The country's first case was announced on 13 March, a Japanese man who had arrived in the country on 4 March from Burkina Faso. Three additional cases of the virus were reported on March 15. The three individuals had close contact with the person who was reported to be infected by the virus on 13 March . Since then eight more confirmed cases were reported by the health ministry to the public, bringing the total to twelve. Among the infected individuals an elderly Ethiopian in her eighties has been said to have some escalating symptoms while other eight have been on a recovery route and showing less and less symptoms of the disease. On March 27, another statement was issued by the health minister stating that four additional cases have been identified while one case being in the Adama city of the Oromia regional state and the other three being in Addis Ababa. Moreover, three more cases were confirmed by the Health Minister on March 31, 2020. Similarly, the following day other three cases were added. On the previous press release the government authorities had noted that one case was retested and confirmed negative and two of the confirmed cases have been sent to their country (Japan). In aggregate, twenty nine cases are confirmed so far as of 1 April 2020.
The country's first case was announced on 12 March, a 27 year old Gabonese man who returned to Gabon from France, 4 days prior to confirmation of the coronavirus. they are really working on preventing more Corona virus case in the country
The Gambia reported its first case of coronavirus from a 20-year-old woman who returned from the United Kingdom on 17 March.
On 11 March, the Minister of Finance, Ken Ofori-Atta, made the cedi equivalent of $100 million available to enhance Ghana's coronavirus preparedness and response plan. Five more cases were confirmed as of 17 March. On 19 March, the Health Minister on his Twitter page tweeted that two more cases were confirmed overnight, bringing the total number of confirmed cases to nine (9) as at 9:00GMT. The health minister said the two cases were both imported. In the afternoon, the confirmed cases increased from 9 to 11 after a test of a 58-year-old Ghanaian woman who is a resident of Kumasi had returned from UK some weeks ago, and another patient, a 61-year-old Lebanese and a resident of Kumasi, showed symptoms of the novel coronavirus and was also tested positive. By 20 March, Ghana had recorded 5 new COVID 19 cases, of which 3 showed no travel history, while the other 2 returned from Paris, France and Amsterdam, moving the total of confirmed cases to 16.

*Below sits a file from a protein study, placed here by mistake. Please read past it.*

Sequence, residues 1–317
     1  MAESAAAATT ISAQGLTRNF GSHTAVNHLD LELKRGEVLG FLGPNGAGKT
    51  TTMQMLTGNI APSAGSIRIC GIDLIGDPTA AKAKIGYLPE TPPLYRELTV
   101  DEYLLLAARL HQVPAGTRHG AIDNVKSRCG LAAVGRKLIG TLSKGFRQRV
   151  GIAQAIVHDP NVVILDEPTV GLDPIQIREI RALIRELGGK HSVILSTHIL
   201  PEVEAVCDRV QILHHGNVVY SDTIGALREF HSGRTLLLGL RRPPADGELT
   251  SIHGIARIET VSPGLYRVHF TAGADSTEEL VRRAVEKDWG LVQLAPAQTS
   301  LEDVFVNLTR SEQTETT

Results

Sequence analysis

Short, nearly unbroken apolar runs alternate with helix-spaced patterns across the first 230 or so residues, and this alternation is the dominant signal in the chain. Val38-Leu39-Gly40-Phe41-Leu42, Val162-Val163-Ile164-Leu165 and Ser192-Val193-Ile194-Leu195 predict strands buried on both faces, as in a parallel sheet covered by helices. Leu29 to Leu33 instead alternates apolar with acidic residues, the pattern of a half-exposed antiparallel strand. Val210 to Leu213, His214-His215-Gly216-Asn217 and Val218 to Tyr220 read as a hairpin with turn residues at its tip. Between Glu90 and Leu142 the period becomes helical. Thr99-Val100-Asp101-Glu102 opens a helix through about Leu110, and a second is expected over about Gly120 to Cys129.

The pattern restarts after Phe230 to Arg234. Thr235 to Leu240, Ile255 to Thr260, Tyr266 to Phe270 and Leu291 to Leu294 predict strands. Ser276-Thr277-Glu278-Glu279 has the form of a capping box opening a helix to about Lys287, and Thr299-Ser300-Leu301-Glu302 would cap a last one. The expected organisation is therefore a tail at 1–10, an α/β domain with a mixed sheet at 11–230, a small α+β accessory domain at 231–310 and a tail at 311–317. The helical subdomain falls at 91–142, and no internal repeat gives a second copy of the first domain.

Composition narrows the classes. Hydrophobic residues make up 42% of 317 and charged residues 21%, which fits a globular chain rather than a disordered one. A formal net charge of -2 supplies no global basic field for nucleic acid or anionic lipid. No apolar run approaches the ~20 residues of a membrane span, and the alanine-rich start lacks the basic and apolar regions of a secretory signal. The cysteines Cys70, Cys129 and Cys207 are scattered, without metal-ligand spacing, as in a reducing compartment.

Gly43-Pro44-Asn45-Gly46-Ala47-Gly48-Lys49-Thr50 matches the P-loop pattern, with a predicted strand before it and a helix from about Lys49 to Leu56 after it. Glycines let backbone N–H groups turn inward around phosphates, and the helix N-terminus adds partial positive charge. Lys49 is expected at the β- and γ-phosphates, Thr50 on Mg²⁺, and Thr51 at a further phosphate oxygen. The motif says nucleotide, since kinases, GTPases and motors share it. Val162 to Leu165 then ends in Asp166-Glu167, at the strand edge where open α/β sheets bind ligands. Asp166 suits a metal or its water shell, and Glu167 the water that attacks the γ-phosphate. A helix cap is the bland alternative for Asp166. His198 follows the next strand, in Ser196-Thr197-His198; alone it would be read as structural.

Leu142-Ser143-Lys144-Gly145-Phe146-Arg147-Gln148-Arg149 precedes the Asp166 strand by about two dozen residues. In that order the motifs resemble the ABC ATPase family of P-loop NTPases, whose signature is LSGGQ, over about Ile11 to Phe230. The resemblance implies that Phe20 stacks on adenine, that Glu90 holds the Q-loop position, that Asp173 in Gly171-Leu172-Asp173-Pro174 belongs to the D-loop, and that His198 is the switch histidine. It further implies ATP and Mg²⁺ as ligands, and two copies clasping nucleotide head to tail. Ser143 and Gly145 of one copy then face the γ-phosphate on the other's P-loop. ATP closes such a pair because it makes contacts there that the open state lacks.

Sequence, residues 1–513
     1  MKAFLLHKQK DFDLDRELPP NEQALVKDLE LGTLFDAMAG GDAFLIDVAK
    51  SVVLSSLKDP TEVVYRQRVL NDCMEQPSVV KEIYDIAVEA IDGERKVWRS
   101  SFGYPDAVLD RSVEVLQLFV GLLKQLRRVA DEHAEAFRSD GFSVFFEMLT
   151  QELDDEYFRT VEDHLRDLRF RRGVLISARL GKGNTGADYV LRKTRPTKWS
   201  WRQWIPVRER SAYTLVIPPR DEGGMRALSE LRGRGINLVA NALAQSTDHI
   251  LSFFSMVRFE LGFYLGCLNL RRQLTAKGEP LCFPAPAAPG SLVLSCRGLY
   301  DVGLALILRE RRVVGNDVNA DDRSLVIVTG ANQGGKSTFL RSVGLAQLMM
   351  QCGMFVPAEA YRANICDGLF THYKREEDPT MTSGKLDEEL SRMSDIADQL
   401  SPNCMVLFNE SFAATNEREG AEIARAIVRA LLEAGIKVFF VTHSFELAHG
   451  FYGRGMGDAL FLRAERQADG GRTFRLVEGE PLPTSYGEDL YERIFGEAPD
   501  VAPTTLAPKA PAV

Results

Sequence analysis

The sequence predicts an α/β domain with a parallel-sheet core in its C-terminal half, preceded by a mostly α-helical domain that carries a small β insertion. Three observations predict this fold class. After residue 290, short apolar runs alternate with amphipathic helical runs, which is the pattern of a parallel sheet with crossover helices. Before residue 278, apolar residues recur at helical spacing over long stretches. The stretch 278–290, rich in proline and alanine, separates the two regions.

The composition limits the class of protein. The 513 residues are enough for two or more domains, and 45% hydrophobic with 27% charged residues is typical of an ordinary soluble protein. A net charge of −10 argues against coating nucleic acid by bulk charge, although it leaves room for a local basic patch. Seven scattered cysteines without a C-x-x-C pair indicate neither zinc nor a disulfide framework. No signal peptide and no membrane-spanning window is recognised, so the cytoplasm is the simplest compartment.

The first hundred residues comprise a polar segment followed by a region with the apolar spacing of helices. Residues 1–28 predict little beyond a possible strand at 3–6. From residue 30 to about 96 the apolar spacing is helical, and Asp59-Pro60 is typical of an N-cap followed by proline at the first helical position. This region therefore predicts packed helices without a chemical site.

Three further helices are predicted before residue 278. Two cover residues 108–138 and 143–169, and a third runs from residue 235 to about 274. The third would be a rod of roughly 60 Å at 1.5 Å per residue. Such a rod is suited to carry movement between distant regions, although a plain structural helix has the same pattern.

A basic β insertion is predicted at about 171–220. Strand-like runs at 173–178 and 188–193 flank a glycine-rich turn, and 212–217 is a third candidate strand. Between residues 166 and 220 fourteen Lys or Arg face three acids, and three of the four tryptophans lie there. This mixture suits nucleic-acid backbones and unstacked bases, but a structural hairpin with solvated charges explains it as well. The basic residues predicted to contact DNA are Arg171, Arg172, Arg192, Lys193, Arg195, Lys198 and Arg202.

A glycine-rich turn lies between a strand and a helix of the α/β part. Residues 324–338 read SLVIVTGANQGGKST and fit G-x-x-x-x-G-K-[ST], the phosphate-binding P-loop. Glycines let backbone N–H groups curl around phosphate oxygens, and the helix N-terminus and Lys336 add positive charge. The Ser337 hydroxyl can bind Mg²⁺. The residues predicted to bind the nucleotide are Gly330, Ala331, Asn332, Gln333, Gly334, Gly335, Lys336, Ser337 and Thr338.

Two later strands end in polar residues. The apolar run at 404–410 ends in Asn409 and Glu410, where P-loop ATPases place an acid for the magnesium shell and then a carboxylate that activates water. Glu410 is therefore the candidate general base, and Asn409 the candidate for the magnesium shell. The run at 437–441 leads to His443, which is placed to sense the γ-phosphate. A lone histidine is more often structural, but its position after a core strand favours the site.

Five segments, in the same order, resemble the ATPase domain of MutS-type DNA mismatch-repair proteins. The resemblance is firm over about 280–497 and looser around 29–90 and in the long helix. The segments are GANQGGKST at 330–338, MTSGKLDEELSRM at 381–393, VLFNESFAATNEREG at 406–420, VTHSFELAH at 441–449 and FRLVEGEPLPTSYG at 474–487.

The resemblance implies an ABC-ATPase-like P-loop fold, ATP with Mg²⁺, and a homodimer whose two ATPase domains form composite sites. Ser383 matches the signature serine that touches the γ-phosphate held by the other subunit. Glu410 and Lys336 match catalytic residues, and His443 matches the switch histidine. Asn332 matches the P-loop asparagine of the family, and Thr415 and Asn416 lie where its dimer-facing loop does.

On 13 March, Guinea confirmed its first case, an employee of the European Union delegation in Guinea.
On 25 March, Guinea-Bissau confirmed its first two COVID-19 cases, a Congolese U.N. employee and an Indian citizen.
On 11 March, the first case in the country was confirmed.
On 12 March 2020, the first case was confirmed in Kenya by President Uhuru Muigai Kenyatta.
On 13 March, the first case in Kenya was confirmed, a woman who came from the US via London.
On 15 March 2020, President Uhuru Kenyatta directed that the following measures to curb COVID-19 be implemented:
The Health Minister, Mutahi Kagwe banned all social gatherings including religious gatherings on the same date.All flights were banned effective Wednesday 25 March by the Health CS.
On 17 March, in order to prevent the spread of the virus, the UN-recognised Government of National Accord closed the country's borders, suspended flights for three weeks and banned foreign nationals from entering the country; schools, cafes, mosques and public gatherings have also been closed.
On 24 March, the first case in Libya was confirmed.
On 20 March, the three first cases were confirmed in Madagascar. All were women.
On 2 April, the three first cases were confirmed in Malawi.
On 25 March, the two first cases were confirmed in Mali.
On 13 March, the first case in the country was confirmed.
On 19 March, the first three cases in the country were confirmed.
On 14 March, the first two cases in the country were confirmed. In a first reaction by government air travel to and from Qatar, Ethiopia and Germany was suspended for 30 days. All public and private schools are also closed for a month, and gatherings are restricted to fewer than 50 people. This includes celebrations for the 30th anniversary of Namibian independence that takes place on 21 March. Libraries, museums, and art galleries were also closed.